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Sweet Rose Ramblings (AKA The Call-Waiting Blog)

A place for my unformed thoughts. Help me sort them out!

Monday, July 28, 2008

Chicks Score

The latest test scores show that girls measure up when it comes to math - you go girl!

Oh, and in another education-related article, about whether the Internet is responsible for a decrease in students reading. Ironically, I haven't read the entire article, however, I think they have a point.

6 Comments:

At July 28, 2008 2:05 PM, Blogger Ezzie said...

Sorry to burst the bubble, but they took out problem-solving problems from the tests, which is where males generally pulled way ahead of females.

 
At July 28, 2008 2:09 PM, Blogger Shoshana said...

That is not what the article said. The article stated that the tests did not include those questions, so they instead used national test results for those type of questions instead. Girls rock.

 
At July 28, 2008 2:55 PM, Blogger B. Spinoza said...

I hate math

 
At July 28, 2008 11:06 PM, Blogger Ezzie said...

I know that that's what the NYT said, but you have to look elsewhere to get full stories. :)

Read about this in the WSJ last week.

 
At July 29, 2008 6:30 AM, Blogger Shoshana said...

Well, apparently your beloved WSJ doesn't quite get the full story either. I used my school login to obtain the original article recently published from the journal Science that both the WSJ and the NYT were referring to.

It did mention the limitation of the recent No Child Left Behind testing (which is where they obtained the test scores) leaving out more complex problem-solving questions, which they state is disturbing considering that teachers now teach to the test and are not covering the more complex material because it is not included. However, the study also very clearly states that they went beyond these results to the national test scores, as the NYT reported. Their conclusion was "Thus, even for difficult items requiring substantial depth of knowledge, gender differences were still quite small."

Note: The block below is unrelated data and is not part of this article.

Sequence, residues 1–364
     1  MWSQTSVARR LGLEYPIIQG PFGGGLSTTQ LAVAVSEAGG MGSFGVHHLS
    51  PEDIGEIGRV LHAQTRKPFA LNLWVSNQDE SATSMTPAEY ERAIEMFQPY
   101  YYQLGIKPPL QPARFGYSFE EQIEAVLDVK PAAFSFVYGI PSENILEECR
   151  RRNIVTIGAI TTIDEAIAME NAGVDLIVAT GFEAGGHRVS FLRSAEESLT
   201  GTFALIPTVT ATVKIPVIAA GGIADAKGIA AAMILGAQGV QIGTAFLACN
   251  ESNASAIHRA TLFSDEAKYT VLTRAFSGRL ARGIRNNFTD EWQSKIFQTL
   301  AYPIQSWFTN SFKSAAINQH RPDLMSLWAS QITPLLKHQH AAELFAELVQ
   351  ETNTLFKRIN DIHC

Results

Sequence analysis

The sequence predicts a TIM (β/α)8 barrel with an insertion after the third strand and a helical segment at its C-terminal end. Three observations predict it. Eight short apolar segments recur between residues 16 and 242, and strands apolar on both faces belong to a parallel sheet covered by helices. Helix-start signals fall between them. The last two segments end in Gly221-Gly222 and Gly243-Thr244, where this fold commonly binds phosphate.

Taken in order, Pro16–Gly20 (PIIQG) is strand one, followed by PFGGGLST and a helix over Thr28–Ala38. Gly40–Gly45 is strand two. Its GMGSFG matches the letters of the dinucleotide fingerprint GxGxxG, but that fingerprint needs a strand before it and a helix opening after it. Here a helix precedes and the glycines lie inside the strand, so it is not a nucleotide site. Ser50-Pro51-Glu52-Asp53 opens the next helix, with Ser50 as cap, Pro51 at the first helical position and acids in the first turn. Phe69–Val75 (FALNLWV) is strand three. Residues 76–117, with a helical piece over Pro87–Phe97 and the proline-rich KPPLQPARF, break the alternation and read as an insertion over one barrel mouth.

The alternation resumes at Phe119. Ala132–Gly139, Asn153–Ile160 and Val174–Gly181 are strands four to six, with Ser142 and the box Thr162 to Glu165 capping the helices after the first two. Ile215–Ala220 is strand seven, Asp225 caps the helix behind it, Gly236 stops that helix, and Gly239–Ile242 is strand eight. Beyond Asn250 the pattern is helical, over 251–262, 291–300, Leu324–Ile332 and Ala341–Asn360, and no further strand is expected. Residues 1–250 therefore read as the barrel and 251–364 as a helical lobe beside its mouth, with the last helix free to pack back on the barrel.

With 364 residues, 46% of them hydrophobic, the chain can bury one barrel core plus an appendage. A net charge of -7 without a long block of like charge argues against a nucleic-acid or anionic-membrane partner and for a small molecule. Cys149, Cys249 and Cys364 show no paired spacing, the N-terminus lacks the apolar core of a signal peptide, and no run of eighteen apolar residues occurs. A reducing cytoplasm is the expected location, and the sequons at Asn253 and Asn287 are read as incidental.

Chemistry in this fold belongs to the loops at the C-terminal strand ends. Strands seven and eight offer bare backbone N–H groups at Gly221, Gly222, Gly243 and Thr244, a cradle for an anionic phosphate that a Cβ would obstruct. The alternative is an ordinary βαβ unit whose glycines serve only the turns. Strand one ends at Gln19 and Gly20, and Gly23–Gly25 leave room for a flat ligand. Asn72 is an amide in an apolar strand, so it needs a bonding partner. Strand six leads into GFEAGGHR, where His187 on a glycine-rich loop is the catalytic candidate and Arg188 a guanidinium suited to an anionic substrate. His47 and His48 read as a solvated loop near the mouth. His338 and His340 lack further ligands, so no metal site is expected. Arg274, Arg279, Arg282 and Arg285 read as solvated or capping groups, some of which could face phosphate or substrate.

In fact, the only difference that was found to be significant (and this is not new), was that the variability amongst male students is larger than that of females, meaning guys have more of the extreme scores on either end. However, on average, as the study actually states, "the general population no longer shows a gender difference in math skills."

 
At July 29, 2008 11:52 AM, Blogger Ezzie said...

(and this is not new), was that the variability amongst male students is larger than that of females, meaning guys have more of the extreme scores on either end.

Agreed!

From the WSJ's Best of the Web, here's the point:

As Hyde and her colleagues looked across the data for states' testing, they found something they didn't expect: In most states they reviewed, and at most grade levels, there weren't any questions that involved complex problem-solving, an ability needed to succeed in high levels of science and math. . . .

That might be a glaring omission, said Stephen Camarata, a Vanderbilt University professor who has researched the issue but was not involved in the study.

"We need to know that, if our measures aren't capturing some aspect of math that's important," Camarata said. "Then we can decide whether there's an actual male or female advantage."

Math, as Charles Murray explained in a 2005 Commentary essay, is "the most abstract field" in the sciences, and also the one in which the achievement gap between the sexes is greatest: "The number of great female mathematicians is approximately two (Emmy Noether definitely, Sonya Kovalevskaya maybe)."

Thus, as it turns out, the findings of the study are entirely consistent with the hypothesis that boys and men tend to be better at math than their female counterparts. No child left behind--equal ignorance for all!

Okay (Ezzie now) - the point you made above about the extremes on both ends is somewhat my point. While on *average* men and women do the same, the men hit the high extreme far more than women. That means that among those who are going into (say) engineering, you're presumably taking from a pool that's on the high end of the spectrum in math. On that high end, the men - who hit the extremes more - will be far more prevalent than the women, and will likely have an easier go of it. That both sexes can handle the less abstract math in younger grades is no great deal; the issue is when you get to the more complex stuff, where only a few succeed, that you find men being far more successful. By taking out the complex problems on those tests, yes, it showed girls and boys to be equal - but as you get into the complex math, the women who are around will suddenly find that they are having a much harder time of it than the men who are.

 

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